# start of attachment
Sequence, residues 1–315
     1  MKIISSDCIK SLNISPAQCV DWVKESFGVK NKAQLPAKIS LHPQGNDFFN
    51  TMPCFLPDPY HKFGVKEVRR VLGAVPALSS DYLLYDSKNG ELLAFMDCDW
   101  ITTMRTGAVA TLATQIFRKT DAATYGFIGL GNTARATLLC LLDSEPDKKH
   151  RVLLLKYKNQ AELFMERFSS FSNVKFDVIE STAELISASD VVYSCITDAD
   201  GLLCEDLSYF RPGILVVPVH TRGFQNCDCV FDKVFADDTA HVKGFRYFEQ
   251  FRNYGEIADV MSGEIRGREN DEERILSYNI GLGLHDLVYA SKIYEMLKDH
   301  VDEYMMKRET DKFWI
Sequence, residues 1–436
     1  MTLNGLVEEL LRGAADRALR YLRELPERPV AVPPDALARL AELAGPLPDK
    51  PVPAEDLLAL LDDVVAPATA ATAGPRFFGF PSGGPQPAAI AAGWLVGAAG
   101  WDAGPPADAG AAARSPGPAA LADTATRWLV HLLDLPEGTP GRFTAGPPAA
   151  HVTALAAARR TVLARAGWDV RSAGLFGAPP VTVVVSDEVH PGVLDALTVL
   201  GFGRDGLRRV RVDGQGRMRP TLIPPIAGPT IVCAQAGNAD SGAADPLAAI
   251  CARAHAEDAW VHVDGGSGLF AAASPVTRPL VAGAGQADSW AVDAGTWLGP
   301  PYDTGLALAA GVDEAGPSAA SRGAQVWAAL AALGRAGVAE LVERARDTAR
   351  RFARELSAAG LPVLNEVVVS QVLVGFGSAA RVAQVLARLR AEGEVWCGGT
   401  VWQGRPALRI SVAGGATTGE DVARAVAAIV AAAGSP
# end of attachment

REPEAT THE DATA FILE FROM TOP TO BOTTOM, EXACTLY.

Sequence, residues 1–315
     1  MKIISSDCIK SLNISPAQCV DWVKESFGVK NKAQLPAKIS LHPQGNDFFN
    51  TMPCFLPDPY HKFGVKEVRR VLGAVPALSS DYLLYDSKNG ELLAFMDCDW
   101  ITTMRTGAVA TLATQIFRKT DAATYGFIGL GNTARATLLC LLDSEPDKKH
   151  RVLLLKYKNQ AELFMERFSS FSNVKFDVIE STAELISASD VVYSCITDAD
   201  GLLCEDLSYF RPGILVVPVH TRGFQNCDCV FDKVFADDTA HVKGFRYFEQ
   251  FRNYGEIADV MSGEIRGREN DEERILSYNI GLGLHDLVYA SKIYEMLKDH
   301  VDEYMMKRET DKFWI
Sequence, residues 1–436
     1  MTLNGLVEEL LRGAADRALR YLRELPERPV AVPPDALARL AELAGPLPDK
    51  PVPAEDLLAL LDDVVAPATA ATAGPRFFGF PSGGPQPAAI AAGWLVGAAG
   101  WDAGPPADAG AAARSPGPAA LADTATRWLV HLLDLPEGTP GRFTAGPPAA
   151  HVTALAAARR TVLARAGWDV RSAGLFGAPP VTVVVSDEVH PGVLDALTVL
   201  GFGRDGLRRV RVDGQGRMRP TLIPPIAGPT IVCAQAGNAD SGAADPLAAI
   251  CARAHAEDAW VHVDGGSGLF AAASPVTRPL VAGAGQADSW AVDAGTWLGP
   301  PYDTGLALAA GVDEAGPSAA SRGAQVWAAL AALGRAGVAE LVERARDTAR
   351  RFARELSAAG LPVLNEVVVS QVLVGFGSAA RVAQVLARLR AEGEVWCGGT
   401  VWQGRPALRI SVAGGATTGE DVARAVAAIV AAAGSP